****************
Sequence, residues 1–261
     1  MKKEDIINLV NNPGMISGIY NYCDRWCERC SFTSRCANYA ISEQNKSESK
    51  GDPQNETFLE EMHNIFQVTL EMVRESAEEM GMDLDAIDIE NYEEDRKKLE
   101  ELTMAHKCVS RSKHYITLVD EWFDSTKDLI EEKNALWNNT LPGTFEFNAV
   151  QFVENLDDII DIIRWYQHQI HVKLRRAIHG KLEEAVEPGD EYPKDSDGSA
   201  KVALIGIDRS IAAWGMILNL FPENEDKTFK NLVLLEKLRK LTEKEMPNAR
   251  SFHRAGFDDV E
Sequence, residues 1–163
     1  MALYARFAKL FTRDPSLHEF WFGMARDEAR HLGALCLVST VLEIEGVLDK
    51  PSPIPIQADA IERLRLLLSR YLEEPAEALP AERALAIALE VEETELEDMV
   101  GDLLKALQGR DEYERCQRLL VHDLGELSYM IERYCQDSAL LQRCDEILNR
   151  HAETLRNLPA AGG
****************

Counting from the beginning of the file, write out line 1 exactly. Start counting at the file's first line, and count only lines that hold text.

Sequence, residues 1–261